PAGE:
Edgy on the Outside
United States of Tara adds a twist to the suburban sitcom formula. Along with the usual assortment of bickering relatives, the show offers Tara (Toni Collette), who suffers from dissociative identity disorder, more commonly known as multiple personality disorder. This means she brings three more distinct alternate personalities to the quirky family mix.
The pilot starts just as Tara’s gone off of her medication (she can’t stand the side effects) and her kindred are getting reacquainted with her alters: prim Alice, gruff biker dude Buck, and T, a promiscuous teenager. Although Tara’s gracious son Marshall (Keir Gilchrist) appreciates her disorder because, in his words, it means “We get to be interesting,” the personalities are in many ways the least remarkable part of the show. Their one-note characterizations grow quickly tiresome and Tara’s changes become predictable.
While the portrayal of the disorder is gimmicky, the show sustains a particular charm, thanks to solid performances and its honest treatment of the complex relationships in this unconventional family. Collette, in particular, gives her all, suffering the humiliations of sporting a thong “whale tail” hanging out of her low cut jeans as T and modulating her bearing, voice, and expression as she essentially plays four distinct characters.
Tara’s alters show up unexpectedly, at least to the family. We are less surprised, as their appearances follow a familiar pattern: she conveniently morphs into the personality most likely to help the group out of a particular pickle. Also unsurprisingly, the alters allow her to articulate the things she’s been thinking as Tara, but could never say. As homophobic Buck, Tara sarcastically thanks Marshall, who is struggling with his homosexuality, for some “homo-made” muffins he’s baked. Later, Buck comes in handy after Tara sees daughter Kate (Brie Larson) being pushed around by her high school boyfriend. Unlike Tara, Buck has no qualms about punching around a teenager to defend Kate’s honor.
Later, when Tara must deal with the chaos, literal and emotional, her other alters are causing, she changes into Alice, the prototypical 1950s housewife, a neat freak and mean baker who can whip the family into shape and make pancakes every morning with perfect red manicure intact.
Although Tara struggles, particularly with the frustration of not remembering her alters’ antics, the family remains good humored about their unique predicament. The pilot sees Tara’s disorder played mostly for laughs, an approach that occasionally feels strained and misses opportunities to explore the broader effects of her problem. This is, after all, a serious disease and any suburban mom who gets into a public brawl with her teenaged daughter’s boyfriend is sure to suffer more than just morning-after embarrassment.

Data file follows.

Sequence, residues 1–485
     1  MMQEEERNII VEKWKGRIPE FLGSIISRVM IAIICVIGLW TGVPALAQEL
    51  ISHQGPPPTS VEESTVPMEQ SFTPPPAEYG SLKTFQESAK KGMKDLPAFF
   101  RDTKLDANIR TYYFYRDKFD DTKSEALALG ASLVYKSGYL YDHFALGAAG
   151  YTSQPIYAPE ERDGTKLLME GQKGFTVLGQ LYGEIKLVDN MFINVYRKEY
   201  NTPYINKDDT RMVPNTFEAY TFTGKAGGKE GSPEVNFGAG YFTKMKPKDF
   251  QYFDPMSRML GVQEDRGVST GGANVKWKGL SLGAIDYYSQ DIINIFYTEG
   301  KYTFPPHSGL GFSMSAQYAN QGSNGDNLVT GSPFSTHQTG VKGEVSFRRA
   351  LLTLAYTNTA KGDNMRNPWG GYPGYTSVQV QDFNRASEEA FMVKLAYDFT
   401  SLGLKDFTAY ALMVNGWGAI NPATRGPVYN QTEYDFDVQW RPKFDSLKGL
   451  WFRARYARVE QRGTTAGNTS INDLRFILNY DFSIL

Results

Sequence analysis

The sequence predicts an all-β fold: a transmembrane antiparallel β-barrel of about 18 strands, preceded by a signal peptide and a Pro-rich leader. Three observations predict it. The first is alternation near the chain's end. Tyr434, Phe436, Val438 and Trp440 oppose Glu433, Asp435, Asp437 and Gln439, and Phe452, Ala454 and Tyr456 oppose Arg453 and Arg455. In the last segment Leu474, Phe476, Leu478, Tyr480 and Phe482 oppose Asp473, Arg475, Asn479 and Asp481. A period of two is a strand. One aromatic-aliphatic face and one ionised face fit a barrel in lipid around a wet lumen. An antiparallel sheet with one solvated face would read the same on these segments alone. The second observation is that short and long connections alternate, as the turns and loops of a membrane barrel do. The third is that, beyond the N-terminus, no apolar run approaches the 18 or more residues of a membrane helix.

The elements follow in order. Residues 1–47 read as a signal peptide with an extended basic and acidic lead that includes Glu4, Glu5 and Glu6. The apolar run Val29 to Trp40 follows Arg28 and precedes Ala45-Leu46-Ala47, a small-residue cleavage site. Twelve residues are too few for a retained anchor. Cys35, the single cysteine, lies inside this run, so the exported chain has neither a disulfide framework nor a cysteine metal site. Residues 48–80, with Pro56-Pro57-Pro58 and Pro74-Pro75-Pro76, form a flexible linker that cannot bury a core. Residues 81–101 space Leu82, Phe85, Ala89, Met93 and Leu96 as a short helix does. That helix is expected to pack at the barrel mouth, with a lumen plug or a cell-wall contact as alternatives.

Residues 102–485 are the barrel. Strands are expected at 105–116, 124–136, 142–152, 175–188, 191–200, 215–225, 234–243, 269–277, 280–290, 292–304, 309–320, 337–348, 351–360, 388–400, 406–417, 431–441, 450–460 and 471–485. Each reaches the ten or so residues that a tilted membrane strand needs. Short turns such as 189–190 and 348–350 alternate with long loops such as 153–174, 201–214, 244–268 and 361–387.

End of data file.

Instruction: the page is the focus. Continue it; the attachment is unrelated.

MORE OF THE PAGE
After the first couple of episodes, however, the show tackles more complex subjects, such as Tara’s flailing sex life with husband Max (John Corbett) and her relationship with sister Charmaine (Rosemarie DeWitt), who doesn’t believe her disease is real. In turning the focus away from Tara’s alters, the show turns more into a satisfyingly conventional quirky cable dramedy. Tara’s efforts to make a new friend or be a reliable mother in the shadow of her disease can be poignant; she’s at heart a lonely woman trying to step outside of herself as herself, anxious that one of her alters will pop up to spoil things again.
Unfortunately, such emotional detail tends to be obscured by dialogue that’s almost too clevver, a signature of writer Diablo Cody’s style. United States of Tara is tonally reminiscent of Juno, especially in Tara’s barb-tongued teenagers. Those who found the film’s titular character pretentious and precious will have similar problems with Tara‘s quippy characters, as when Kate tells Tara that her attempts to talk about sex make her sound like “a Lifetime lady tampon movie.”
Like Juno, United States of Tara is a meditation on the normalcy of being different. Tara’s disorder is a metaphor for everyone, voiced at one point by one of her new clients, a ladder-climbing salesperson who asks, “Over the course of the day, how many different women do we have to be?” Tara and her relatives, particularly the bedwetting cinephile Marshall, try to fit in and never quite make it, but find love and support along the way, tempered by the occasional humiliation.
In its message of acceptance and familial love, United States of Tara veers dangerously close to those “Lifetime lady tampon movies” Kate mocks. Although the show’s odd subject matter, premium-cable profanity, and preoccupation with sex make it “edgy” on the outside, it’s still a rather conventional family sitcom. The challenge is whether it can find freshness in this setup, and whether Tara’s alters will ultimately get too much in the way.